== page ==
How do we choose and infer the subnetwork posterior $q(\vw_S)$? That is, what form does $q$ have, and how do we infer its parameters?
 How do we set the fixed values $\widehat\vw_r$ of all remaining weights $\{\vw_r\}_{r \in S^\c}$?
 How do we select the subnetwork $\vw_S$ in the first place?
 How do we make predictions with this approximate posterior?
 How does subnetwork inference perform in practice?
Let’s start with Q1.
Q1. How do we choose and infer the subnetwork posterior ?
In this work, we infer a fullcovariance Gaussian posterior over the subnetwork using the Laplace approximation, which is a classic approximate inference technique. If you don’t recall how the Laplace approximation works, below we provide a short summary. For more details on the Laplace approximation and a review of its use in deep learning, please refer to Daxberger et al. (2021).
The Laplace approximation proceeds in two steps.

Obtain a point estimate over all model weights using maximum aposteriori (short MAP) inference. In deep learning, this is typically done using stochastic gradientbased optimisation methods such as SGD. \begin{equation} \widehat\vw = \argmax_{\vw} \, [\log p(\vy \cond \mX, \vw) + \log p(\vw)] \end{equation}

Locally approximate the logdensity of the posterior with a secondorder Taylor expansion. This produces a fullcovariance Gaussian posterior over the weights, where the mean of the Gaussian is simply the MAP estimate, and the covariance matrix of the Gaussian is the inverse Hessian $\mH$ of the loss with respect to the weights $\vw$ (averaged over the training data points): \begin{equation} p(\vw \cond \D) \approx q(\vw) = \Normal(\vw \cond \widehat\vw, \mH^{1}). \end{equation}
What this essentially does is it defines a Gaussian centered at the MAP estimate, with a covariance matrix that matches the curvature of the loss at the MAP estimate, as illustrated in Figure 2.
The main advantage of the Laplace approximation, and also the reason why we use it, is that it is applied posthoc on top of a MAP estimate and doesn’t require us to retrain the network. This is practically very appealing as MAP estimation is something we can do very well in deep neural nets. The main issue, however, is that it requires us to compute, store, and invert the full Hessian $\mH$ over all weights. This scales quadratically in space and cubically in time (in terms of the number of weights) and is therefore computationally intractable for modern neural nets.
Fortunately, in our case, we don’t actually want to do inference over all the weights, but only over a subnetwork. In this case, the second step of the Laplace approximation involves inferring a fullcovariance Gaussian posterior over only the subnetwork weights $\vw_S$: \begin{equation} p(\vw_S \cond \D) \approx q(\vw_S) = \Normal(\vw_S \cond \widehat\vw_S, \mH_S^{1}). \end{equation} This is now tractable, since the subnetwork will in practice be substantially smaller than the full network, effectively giving us quadratic gains in space complexity and cubic gains in time complexity!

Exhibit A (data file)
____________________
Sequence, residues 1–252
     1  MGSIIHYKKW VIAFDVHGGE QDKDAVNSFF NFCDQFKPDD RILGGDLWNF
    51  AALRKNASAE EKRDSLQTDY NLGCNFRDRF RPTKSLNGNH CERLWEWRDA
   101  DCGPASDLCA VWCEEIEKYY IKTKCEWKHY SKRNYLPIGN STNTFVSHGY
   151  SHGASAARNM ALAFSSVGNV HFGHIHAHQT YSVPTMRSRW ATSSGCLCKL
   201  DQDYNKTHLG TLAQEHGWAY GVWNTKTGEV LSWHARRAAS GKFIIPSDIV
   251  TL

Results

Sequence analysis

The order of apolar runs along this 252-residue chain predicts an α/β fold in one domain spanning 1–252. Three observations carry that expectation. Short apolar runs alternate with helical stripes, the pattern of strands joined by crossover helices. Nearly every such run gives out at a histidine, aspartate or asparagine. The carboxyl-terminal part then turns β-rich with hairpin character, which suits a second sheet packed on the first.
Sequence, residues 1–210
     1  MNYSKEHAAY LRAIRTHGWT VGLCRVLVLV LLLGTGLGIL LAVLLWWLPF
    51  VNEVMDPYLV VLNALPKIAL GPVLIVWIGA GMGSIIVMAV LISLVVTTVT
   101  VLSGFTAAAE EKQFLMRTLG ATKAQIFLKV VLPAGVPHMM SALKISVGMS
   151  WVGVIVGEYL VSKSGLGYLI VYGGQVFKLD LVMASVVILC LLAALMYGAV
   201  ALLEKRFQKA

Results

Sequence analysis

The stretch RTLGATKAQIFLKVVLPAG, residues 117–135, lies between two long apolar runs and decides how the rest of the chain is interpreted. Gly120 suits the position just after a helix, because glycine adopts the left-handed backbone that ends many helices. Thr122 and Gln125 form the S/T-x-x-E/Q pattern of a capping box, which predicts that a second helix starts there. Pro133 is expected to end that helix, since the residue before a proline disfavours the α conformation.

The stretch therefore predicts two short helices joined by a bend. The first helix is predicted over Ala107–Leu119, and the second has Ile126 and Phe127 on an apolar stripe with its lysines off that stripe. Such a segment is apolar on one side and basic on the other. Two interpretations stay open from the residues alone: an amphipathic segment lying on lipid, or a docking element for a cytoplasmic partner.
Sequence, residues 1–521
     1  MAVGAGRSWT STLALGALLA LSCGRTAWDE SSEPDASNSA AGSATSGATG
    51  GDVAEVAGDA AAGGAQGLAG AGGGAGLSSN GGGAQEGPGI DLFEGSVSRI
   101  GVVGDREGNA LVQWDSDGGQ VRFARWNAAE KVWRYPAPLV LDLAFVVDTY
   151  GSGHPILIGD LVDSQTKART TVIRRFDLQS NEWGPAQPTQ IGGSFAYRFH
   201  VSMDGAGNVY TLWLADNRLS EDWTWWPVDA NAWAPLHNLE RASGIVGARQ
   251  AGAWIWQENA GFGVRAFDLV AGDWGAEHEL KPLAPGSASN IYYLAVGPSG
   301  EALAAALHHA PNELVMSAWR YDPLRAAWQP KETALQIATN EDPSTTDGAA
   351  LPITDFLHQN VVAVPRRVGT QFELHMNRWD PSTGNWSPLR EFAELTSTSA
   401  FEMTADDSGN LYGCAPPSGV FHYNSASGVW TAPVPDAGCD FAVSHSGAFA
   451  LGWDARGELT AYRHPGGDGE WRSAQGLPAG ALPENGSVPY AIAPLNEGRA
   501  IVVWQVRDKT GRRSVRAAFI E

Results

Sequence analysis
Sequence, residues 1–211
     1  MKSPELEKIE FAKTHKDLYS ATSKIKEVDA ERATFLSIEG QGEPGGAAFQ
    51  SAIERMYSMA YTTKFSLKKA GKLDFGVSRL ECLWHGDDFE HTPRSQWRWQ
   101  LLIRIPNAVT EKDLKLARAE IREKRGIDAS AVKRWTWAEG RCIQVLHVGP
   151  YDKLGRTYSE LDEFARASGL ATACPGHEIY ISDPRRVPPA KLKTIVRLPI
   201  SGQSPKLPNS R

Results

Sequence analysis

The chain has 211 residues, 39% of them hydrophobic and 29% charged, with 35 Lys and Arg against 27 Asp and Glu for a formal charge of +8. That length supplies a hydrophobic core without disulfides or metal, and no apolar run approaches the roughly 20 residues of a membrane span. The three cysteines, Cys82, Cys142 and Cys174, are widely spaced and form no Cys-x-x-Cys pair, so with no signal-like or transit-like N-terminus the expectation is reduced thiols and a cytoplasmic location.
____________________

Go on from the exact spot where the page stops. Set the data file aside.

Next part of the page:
Q2. How do we set the fixed values $\widehat{\mathbf{w}}_r$ of all remaining weights $\{\mathbf{w}_r\}_{r \in S^\c}$?
In fact, this also answers Q2 of how to set the remaining weights not part of the subnetwork: Since the Laplace approximation requires us to first obtain a MAP estimate over all weights, it’s natural to simply leave all other weights at their MAP estimates!
Let’s now look at how subnetwork inference is done in practice.
The full subnetwork inference algorithm
Overall, our proposed subnetwork inference algorithm comprises the following four steps:
 Obtain a MAP estimate over all the weights of the neural net using standard optimisation methods such as SGD (see Figure 3).
 Select a small subnetwork (see Figure 4) — we’ll discuss in a second how this can be done in practice.
 Perform Bayesian inference just over the subnetwork (see Figure 5). As described above, we use the Laplace approximation to infer a fullcovariance Gaussian over the subnetwork, and leave all other weights at their MAP estimates.
 Lastly, use the resulting mixed probabilistic–deterministic model to make predictions (see Figure 6).
Ok, now we know how to do inference over the subnetwork, but how do we find the subnetwork in the first place?
Q3. How do we select the subnetwork $\mathbf{w}_S$ in the first place?
Recall that we want to preserve as much model uncertainty as possible with our subnetwork. A natural goal is therefore to find the subnetwork whose posterior is closest to the full network posterior. That is, we want to find the subset of weights that minimises some measure of discrepancy between the posterior over the full network and the posterior over the subnetwork.
To measure this discrepancy, we choose to use the Wasserstein distance: \begin{align} &\min \text{Wass}[\ \text{exact full posterior}\ \ \text{subnetwork posterior}\ ] \nonumber \vphantom{\prod} \newline &\qquad= \min \text{Wass}[\ p(\mathbf{w} \cond \mathcal{D})\ \ q_S(\mathbf{w})\ ] \vphantom{\prod} \newline &\qquad\approx \min \text{Wass}[\ \mathcal{N}\left(\mathbf{w}; \widehat{\mathbf{w}}, \mathbf{H}^{1}\right)\ \ \mathcal{N}(\mathbf{w}_S; \widehat{\mathbf{w}}_S, \mathbf{H}_S^{1}) \prod_{r \in S^\c} \delta(\mathbf{w}_r  \widehat{\mathbf{w}}_r )\ ]. \end{align} As the exact full network posterior $p(\mathbf{w} \cond \mathcal{D})$ is intractable, we here approximate it as a Gaussian $\mathcal{N}\left(\mathbf{w}; \widehat{\mathbf{w}}, \mathbf{H}^{1}\right)$ over all weights (also estimated via the Laplace approximation). Also, as described earlier, the subnetwork posterior $q_S(\mathbf{w})$ is composed of a Gaussian $\mathcal{N}(\mathbf{w}_S; \widehat{\mathbf{w}}_S, \mathbf{H}_S^{1})$ over the subnetwork and delta functions $\delta(\mathbf{w}_r  \widehat{\mathbf{w}}_r )$ over all other weights $\{\mathbf{w}_r\}_{r \in S^\c}$. Note that due to the delta functions, the subnetwork posterior is degenerate; this is why we use the Wasserstein distance, which remains welldefined for such degenerate distributions.